Pay GST on printing the Bible under specific orders from foreign party : AAR

By | December 23, 2018
(Last Updated On: December 23, 2018)


Swapna Printing Works (P.) Ltd., In re


ORDER NO. 28/WBAAR/2018-19

DECEMBER  21, 2018

Indranil Das, CA for the Applicant.


1. The Applicant, stated to be engaged primarily in the business of printing, seeks a ruling on whether activities undertaken by procuring orders from a foreign party to print religious texts and thereafter deliver them to various places in India can be classified as “supply of goods” or “supply of services”. The Applicant also seeks a Ruling as to whether this activity can be classified as “export”.

Advance Ruling is admissible on the first question under section 97(2)(a) of the CGST/ WBGST Acts, 2017 (hereinafter referred to, collectively, as “the GST Act”).

The definition of “export” however, falls under section 2(6) of the Integrated Goods and Services Act, 2017 (hereinafter referred to as “the IGST Act”) and a ruling thereon is out of the purview of this Authority. However, inherent to the concept of whether or not a supply is to be considered as “export” is the issue of determination of liability to pay tax on any supply of goods or services, or both, which is admissible for consideration under section 97(2)(e) of the GST Act.

The Applicant further submits that the question raised in the Application is neither decided by nor pending for decision before any authority under any provisions of the GST Act.

The officer concerned raises no objection to the admission of the Application.

The Application is, therefore, admitted.

2. It appears from the Application and the Applicant’s submissions during Personal Hearing that the Applicant, being in the business of printing books and binding them, has received a specific order from a popular foreign customer, namely Gideons International, for printing and binding Bibles. The version of the Bible is specified by the customer under the Evangelistic version of the text.

Under the Berne Convention copyright is granted to the author on the creation of work, but in the case of religious texts copyrights are granted to editions if they are unique or are translations. In the United Kingdom, the King James’ Version of the Bible is covered by a Crown Copyright.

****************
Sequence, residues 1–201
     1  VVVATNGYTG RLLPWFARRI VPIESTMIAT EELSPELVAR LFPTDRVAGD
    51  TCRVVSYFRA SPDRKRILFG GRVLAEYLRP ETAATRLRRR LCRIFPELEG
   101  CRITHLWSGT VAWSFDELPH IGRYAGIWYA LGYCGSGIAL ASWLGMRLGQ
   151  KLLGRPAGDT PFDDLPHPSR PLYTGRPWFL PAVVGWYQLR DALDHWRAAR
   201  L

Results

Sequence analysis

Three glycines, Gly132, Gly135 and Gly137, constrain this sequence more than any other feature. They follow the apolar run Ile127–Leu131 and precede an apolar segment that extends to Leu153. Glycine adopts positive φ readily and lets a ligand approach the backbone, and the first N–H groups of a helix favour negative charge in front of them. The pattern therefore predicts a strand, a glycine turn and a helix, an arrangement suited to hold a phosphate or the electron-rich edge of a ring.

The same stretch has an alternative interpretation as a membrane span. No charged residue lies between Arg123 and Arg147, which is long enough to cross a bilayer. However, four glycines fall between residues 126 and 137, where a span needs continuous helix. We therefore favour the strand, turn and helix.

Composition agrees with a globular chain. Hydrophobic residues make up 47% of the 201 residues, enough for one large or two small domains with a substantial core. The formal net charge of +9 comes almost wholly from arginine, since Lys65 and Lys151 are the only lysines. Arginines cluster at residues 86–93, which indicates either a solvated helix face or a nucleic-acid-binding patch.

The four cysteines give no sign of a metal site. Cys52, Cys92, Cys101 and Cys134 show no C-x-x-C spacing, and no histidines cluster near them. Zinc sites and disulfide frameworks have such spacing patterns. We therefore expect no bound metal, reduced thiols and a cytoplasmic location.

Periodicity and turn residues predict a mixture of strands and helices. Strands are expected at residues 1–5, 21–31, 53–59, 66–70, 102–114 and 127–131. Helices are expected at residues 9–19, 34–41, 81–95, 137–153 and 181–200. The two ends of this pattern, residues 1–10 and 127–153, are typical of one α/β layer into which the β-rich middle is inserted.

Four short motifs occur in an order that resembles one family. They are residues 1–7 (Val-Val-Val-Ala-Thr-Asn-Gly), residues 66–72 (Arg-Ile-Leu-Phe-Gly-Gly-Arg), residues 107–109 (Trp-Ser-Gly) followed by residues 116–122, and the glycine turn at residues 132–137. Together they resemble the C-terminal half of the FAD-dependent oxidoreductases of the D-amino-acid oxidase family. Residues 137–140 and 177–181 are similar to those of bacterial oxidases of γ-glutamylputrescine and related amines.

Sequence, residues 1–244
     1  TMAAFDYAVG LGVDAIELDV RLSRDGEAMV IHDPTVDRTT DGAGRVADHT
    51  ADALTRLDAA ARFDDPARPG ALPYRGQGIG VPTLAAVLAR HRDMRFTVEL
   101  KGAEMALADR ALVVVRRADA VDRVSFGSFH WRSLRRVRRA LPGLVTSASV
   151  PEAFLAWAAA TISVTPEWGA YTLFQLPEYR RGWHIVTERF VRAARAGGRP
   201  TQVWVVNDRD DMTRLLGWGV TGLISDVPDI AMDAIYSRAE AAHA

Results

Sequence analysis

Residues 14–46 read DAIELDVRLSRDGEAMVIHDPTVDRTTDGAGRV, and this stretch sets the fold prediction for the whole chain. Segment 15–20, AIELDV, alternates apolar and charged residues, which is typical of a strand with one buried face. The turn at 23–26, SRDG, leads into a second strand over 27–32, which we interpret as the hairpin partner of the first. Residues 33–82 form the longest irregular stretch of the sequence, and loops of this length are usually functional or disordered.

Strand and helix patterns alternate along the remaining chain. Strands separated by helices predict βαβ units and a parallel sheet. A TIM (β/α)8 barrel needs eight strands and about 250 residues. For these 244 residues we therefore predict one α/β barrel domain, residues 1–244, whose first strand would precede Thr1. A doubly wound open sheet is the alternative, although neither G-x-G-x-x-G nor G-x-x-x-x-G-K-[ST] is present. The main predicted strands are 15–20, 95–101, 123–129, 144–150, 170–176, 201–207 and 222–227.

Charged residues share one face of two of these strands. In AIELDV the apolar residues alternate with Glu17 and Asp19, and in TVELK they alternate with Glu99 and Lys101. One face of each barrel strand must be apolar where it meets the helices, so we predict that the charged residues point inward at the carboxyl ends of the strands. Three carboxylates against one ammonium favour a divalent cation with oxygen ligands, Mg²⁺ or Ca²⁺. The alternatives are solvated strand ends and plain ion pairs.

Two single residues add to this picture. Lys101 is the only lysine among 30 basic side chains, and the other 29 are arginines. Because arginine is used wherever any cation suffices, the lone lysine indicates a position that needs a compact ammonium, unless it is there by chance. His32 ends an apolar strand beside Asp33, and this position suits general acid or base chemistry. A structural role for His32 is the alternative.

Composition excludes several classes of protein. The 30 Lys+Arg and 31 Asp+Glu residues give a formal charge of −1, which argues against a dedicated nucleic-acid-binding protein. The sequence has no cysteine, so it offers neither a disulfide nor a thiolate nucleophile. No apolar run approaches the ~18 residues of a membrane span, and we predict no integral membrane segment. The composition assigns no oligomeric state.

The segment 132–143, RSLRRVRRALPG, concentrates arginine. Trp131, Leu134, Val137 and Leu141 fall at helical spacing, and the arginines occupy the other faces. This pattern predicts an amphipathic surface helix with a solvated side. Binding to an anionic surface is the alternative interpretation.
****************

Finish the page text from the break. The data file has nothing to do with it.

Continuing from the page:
The Gideons International uses the King James’ version of the Bible and distributes various editions of the same. The versions the Applicant prints for The Gideons International mention the name of the organization and establish their rights on those versions.

3. It is clear from the above that the rights of the content of the printed matter do not lie with the Applicant. At best it can be said that the Applicant is providing a composite supply wherein the supply of printing a content, rights of which lie with another and thus debarring all likelihood of transfer of title from the Applicant, is the principal supply and the physical inputs, such as paper, ink, binding material, labour etc., are ancillary to this principal supply.

4.TRU Clarification issued under F. No. 354/263/2017-TRU dated 20th October 2017 by the Ministry of Finance, Department of Revenue, Government of India, clearly states in Serial no. 4 that:-

In case of printing of books, pamphlets, brochures, annual reports, and the like, where only content is supplied by the publisher or the person who owns the usage rights to the intangible inputs while the physical inputs including paper used for printing belongs to the printer, supply of printing [of content supplied by the recipient of supply] is the principal supply and therefore such supplies would constitute supply of service falling under heading 9989 of the scheme of classification of services.”